Featuring a foreword by therapist and author Sharon Lamb, Things We Haven’t Said includes, for each contributor, a piece of her or his creative writing, a q&a with Moulton, and a biographical profile. “I find that creative writing engages the reader, especially a teen reader, in a different way than informational text does,” said the author. What surprised her most about the creative material submitted was “the incredible variety,” she added. “Everyone seemed to find a form that really worked for them. I also was impressed by how much could be conveyed with such brevity.”
A Call for Communication and Action
The q&a sections explore questions about recovery, coping methods, therapy, dealing with social situations, and abuse warning signals. But the statistics underscore—horrifyingly—the high hurdles kids face in dealing with sexual abuse.
In 2015, Moulton reported, an article published in the academic journal Child Maltreatment stated that parents of victims constituted 78% of perpetrators of juvenile sexual violence. “So when you think of the lack of information in American classrooms and in the world about this subject, you can appreciate the problem,” she said. “If home life is often where the abuse takes place and school is where it is ignored, there is a huge power dynamic working against [children], and victims are on an island.”
Moulton hopes that Things We Haven’t Said provides young adults with the information—and the language—to identify and report sexual abuse. To that end, she included in the book a glossary of terms to guide kids and help them speak out without shame.
“There is so much weighted against victims of sexual abuse, including the fear of reprisal, being taken from their homes and put in the [foster care] system—and even knowing what reporting abuse even means,” Moulton noted. “I want this book to help them learn the right language, identify what is happening, and know how to find help. We say ‘information is power’ for a very good reason. And I want this book to be healing for survivors, as well as an education for non-survivors—and I hope that it is the start of a larger conversation about what we share with teens in our schools and classrooms.”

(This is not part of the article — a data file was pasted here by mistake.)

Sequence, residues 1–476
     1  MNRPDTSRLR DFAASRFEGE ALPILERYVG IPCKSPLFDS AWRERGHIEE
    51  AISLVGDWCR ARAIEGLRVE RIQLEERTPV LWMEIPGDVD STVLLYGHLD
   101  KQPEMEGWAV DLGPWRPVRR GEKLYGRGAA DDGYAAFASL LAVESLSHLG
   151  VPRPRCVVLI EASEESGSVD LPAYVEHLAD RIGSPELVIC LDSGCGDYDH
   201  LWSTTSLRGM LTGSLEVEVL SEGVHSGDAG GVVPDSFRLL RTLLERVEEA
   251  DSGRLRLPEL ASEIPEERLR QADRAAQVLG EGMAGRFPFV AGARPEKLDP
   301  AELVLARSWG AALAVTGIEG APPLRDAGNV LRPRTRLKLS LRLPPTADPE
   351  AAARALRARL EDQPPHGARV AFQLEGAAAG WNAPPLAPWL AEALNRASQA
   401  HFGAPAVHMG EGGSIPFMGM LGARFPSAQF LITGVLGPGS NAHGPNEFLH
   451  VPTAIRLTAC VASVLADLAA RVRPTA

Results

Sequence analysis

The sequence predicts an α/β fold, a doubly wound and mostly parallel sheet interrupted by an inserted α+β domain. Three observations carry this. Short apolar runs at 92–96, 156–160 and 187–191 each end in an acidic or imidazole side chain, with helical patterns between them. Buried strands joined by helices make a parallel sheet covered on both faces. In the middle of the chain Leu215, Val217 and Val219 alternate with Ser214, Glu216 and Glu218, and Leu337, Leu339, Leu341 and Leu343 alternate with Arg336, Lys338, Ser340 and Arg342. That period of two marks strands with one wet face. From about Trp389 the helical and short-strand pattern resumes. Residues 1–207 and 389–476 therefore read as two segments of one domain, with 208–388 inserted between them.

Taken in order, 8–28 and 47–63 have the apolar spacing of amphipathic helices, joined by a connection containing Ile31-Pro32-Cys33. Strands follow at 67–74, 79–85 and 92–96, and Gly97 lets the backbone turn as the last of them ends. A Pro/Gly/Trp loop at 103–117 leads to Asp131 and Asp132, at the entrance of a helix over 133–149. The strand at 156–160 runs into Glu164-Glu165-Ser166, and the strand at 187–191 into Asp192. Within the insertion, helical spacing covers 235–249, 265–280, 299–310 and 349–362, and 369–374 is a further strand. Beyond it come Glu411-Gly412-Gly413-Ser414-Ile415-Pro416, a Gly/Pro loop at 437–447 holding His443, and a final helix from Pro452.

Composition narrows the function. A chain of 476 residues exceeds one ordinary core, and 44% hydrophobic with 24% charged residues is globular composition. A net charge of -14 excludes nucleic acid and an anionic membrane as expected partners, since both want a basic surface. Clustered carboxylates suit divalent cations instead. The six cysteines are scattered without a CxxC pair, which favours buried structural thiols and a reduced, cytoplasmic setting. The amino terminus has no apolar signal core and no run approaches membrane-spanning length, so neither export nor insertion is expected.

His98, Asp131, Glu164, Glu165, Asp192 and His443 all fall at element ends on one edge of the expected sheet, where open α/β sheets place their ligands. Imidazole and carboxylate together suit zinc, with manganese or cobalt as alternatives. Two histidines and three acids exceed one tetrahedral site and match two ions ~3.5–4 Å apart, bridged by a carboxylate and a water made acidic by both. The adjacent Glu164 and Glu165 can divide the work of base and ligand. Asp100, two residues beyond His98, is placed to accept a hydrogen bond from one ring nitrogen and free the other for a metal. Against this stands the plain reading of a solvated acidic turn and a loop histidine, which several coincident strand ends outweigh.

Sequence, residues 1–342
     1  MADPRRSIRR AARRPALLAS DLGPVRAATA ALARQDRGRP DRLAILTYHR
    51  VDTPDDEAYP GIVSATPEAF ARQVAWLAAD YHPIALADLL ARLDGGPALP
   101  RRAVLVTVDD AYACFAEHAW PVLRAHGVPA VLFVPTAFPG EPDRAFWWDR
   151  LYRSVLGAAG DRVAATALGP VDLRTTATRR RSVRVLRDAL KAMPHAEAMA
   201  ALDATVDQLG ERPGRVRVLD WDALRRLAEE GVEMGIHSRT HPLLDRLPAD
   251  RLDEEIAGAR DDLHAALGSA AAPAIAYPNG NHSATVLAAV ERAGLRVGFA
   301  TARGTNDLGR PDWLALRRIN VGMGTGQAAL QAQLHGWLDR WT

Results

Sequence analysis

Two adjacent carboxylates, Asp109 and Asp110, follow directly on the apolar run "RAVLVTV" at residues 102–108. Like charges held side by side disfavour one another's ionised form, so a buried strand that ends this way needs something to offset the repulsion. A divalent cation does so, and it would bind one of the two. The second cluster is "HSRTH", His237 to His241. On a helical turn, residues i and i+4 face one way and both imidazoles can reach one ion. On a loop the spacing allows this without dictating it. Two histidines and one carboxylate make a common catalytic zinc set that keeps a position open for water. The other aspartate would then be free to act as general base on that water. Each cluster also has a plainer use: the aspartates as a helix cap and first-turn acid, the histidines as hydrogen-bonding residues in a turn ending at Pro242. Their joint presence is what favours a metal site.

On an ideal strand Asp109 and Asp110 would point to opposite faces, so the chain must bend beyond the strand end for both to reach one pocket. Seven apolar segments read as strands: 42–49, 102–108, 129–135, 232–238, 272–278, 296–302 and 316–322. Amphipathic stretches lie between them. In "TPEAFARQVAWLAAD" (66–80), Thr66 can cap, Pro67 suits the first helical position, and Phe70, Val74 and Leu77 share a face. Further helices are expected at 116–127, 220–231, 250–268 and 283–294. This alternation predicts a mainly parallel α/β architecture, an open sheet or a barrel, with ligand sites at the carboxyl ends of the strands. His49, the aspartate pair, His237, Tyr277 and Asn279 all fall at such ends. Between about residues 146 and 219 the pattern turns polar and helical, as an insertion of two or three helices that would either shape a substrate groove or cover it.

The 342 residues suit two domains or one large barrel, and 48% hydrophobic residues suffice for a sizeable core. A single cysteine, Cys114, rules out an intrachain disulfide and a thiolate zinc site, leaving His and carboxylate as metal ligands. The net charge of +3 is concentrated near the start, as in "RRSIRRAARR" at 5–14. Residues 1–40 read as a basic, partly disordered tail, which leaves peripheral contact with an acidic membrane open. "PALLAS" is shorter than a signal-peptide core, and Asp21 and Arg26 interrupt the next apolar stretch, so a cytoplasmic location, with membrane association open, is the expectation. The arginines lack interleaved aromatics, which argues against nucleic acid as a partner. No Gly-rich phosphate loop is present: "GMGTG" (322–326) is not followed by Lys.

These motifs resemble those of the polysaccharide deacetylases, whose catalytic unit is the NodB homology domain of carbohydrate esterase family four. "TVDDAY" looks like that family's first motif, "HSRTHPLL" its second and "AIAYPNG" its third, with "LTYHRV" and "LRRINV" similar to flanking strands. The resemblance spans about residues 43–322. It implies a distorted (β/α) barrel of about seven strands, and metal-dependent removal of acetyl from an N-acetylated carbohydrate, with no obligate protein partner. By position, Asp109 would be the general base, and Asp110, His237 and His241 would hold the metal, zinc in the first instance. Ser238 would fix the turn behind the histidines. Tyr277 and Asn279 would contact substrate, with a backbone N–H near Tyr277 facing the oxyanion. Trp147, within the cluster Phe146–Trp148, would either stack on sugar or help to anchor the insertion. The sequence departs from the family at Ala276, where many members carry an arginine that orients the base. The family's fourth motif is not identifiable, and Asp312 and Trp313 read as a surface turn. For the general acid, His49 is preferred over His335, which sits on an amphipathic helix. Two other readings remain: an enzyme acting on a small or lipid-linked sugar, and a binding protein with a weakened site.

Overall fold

Hallie Warshaw, publisher and creative director of Zest, designed the interior of Things We Haven’t Heard and worked with Moulton and editor Jeff Campbell to pull together the editorial content. “I am extremely proud to be publishing this book, because it brings to light and into the forefront a subject that has largely been ignored until very recently, especially when sexual abuse happens to young people.” she observed.
Warshaw also addressed the urgent timeliness of the book, evidenced by the recent disclosures and testimony from past and current members of the women’s U.S. Olympic Gymnastics team. “The fact that it is an anthology of many people’s accounts is very important—that’s the #MeToo factor,” she said. “Just knowing that there are other survivors out there who have been through something similar may make all the difference for someone who is also a survivor and may be suffering in silence. The people who shared their stories in this book are brave and amazing. I am humbled to even be just a small part of their survival journey.”
Things We Haven’t Said: Sexual Violence Survivors Speak Out, edited by Erin E. Moulton. Zest Books, paper $16.99 Mar. ISBN 978-1-9421-8634-2